Are we all just getting a little bit offended by EVERYTHING?

PUBLISHED: 18:23 19 September 2018

Do we live in an age where we are now far too easily offended?

Do we live in an age where we are now far too easily offended?

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Rachel Moore says we are all getting too offended by too much - isn’t it time we became more thick-skinned and let people have their say?

A culture of offence has insidiously enveloped the country. Someone somewhere is bound to be offended by something.

The fear of causing upset by even the most innocuous statement is hindering and even denying our civil liberties and threatening the rights of freedom of speech we hold so dear.

The obsession with being offended – choosing to feel personally and mortally wounded by comments not aimed at any individual – is in danger of censoring and thwarting opinion, posing serious harm to debate and discussion and limiting our use of language.

A senior Metropolitan anti-corruption squad officer was this week revealed to be in danger of losing his job for alleged racist language for using the phrase “whiter than white” while briefing colleagues.

Astonishingly, offence was taken by someone who saw – or looked for – a racist connotation. A complaint to the Met led to the police watchdog taking it up for investigation.

Sounds like a joke, a sitcom scenario to poke fun at political correctness gone barmy, but an officer’s career is on the line for language interpreted by one person to be deliberately intended to offend and that had “racist undertones”

He used the time-honoured phrase to emphasise that officers must be faultless in their inquiries, but now he could 
face an internal investigation for gross misconduct, the most serious disciplinary offence for a police officer.

No wonder policing is in a right pickle. An experienced officer is put on reduced duties for uttering a phrase that originates from Shakespeare when forces are under-staffed.

I’m dying to know if the complainer was actually offended personally – and how he would justify that offence – or if he or she perceived someone might be offended by it somewhere so deemed it racist.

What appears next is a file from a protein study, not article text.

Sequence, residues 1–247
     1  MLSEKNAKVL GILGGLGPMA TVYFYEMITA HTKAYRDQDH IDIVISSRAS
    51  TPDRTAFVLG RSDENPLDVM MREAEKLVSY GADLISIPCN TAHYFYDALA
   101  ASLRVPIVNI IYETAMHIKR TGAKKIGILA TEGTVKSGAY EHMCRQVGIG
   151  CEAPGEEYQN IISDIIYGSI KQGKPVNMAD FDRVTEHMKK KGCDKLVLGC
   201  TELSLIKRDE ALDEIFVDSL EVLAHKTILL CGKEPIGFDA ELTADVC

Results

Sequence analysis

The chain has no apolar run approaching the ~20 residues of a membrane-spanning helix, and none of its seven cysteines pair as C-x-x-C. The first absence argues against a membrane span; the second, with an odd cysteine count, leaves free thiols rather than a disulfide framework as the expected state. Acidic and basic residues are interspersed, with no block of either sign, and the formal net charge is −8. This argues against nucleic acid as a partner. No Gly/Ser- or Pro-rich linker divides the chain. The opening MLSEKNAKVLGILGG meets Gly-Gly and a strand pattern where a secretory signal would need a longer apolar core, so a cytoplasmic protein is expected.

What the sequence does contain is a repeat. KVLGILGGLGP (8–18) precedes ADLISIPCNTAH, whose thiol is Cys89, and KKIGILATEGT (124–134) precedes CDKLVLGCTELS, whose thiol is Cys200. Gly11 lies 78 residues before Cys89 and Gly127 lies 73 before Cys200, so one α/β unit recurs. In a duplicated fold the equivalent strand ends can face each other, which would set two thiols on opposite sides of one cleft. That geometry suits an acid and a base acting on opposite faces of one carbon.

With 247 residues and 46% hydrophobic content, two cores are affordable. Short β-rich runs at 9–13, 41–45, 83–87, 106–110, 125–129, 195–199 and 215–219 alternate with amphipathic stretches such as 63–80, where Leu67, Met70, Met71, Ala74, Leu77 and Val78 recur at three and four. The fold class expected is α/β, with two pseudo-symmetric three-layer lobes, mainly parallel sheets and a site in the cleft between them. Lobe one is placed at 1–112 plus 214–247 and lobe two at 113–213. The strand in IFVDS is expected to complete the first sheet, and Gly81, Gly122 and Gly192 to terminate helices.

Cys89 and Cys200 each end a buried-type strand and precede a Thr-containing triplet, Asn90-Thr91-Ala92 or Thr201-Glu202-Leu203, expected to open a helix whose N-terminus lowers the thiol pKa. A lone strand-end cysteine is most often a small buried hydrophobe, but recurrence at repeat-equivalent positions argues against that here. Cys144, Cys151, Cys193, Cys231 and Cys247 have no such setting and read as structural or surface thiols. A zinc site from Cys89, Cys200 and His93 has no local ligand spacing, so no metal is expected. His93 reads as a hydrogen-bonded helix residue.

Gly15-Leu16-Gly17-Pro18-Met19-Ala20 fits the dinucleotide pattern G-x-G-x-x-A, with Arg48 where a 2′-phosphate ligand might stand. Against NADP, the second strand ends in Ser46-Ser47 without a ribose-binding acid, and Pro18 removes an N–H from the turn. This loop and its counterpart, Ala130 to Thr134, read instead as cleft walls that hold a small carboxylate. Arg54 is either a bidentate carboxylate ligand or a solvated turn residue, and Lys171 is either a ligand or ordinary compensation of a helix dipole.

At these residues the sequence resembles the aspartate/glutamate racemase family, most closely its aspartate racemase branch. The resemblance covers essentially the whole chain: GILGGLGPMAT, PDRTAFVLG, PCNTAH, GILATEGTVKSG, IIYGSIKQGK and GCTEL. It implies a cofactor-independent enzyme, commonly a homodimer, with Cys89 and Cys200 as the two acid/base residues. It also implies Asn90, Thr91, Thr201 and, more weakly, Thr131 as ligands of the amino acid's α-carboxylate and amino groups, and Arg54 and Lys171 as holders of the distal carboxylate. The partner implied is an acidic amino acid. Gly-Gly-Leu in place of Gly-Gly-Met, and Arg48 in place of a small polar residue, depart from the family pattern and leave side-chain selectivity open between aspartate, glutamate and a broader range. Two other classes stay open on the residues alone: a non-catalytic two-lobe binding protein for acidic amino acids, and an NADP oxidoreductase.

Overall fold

“You’ve hurt my feelings” is a very modern whine by grown ups who should know better. To be offended is a choice we make. Get over yourself.

What’s been lost in this hysterical objection of the thin-skinned is the understanding of the difference between a general view expressed and a personal insult.

People are very quick to be upset and hurt by generalisations, and play the victim, by comments not even aimed at them.

The result is that authority has become terrified to cause offence, or be deemed to be politically incorrect so, fearful of putting a foot wrong, and seeing fear of offence everywhere, it uses a hammer to smash an egg so it can be seen to be doing the right thing, whether it is right or not.

It must placate any potential offence-taker, just in case.

It’s this excessive exaggerated personal outrage to comments perceived – and it is perception that is the hinge of the issue – to be a big ify and offensive.

The thin-skinned collective are the first to say they believe in free speech, then are quick to try to quash it if it upsets them.

I really don’t know how these people, who self inflict upset on themselves about statements, views and opinions that don’t even concern them, let alone are aimed at them, make it through life.

These are people who can take offence and personal affront in an empty room.

Social media fuels the fire. An innocent observation quickly crescendos to accusations of “bullying” before you can say Twitter,. In 2018, bullying means saying something others don’t like.

Two weeks ago I wrote about the need for us all to take responsibility for our health and do what we could to avoid morbid obesity. The rising numbers of morbidly obese in this country is a well-documented fact.

It attracted a fierce reaction from anyone even mildly overweight – and those who weren’t but who had taken offence on behalf of those who were and might have been offended – who were enraged that I had “judged” them and was “fat shaming.”

Some demanded an apology for a view, aimed at no one in particular, that many people chose to find personally offensive. I’m still confused about what I was supposed to apologise for?

Say what you like about me and I won’t be offended. Taking offence is a choice. I’d rather defend that person’s right to say it and express themselves freely.

Freedom of speech is a right that people have died to defend.

No one has died from taking offence.

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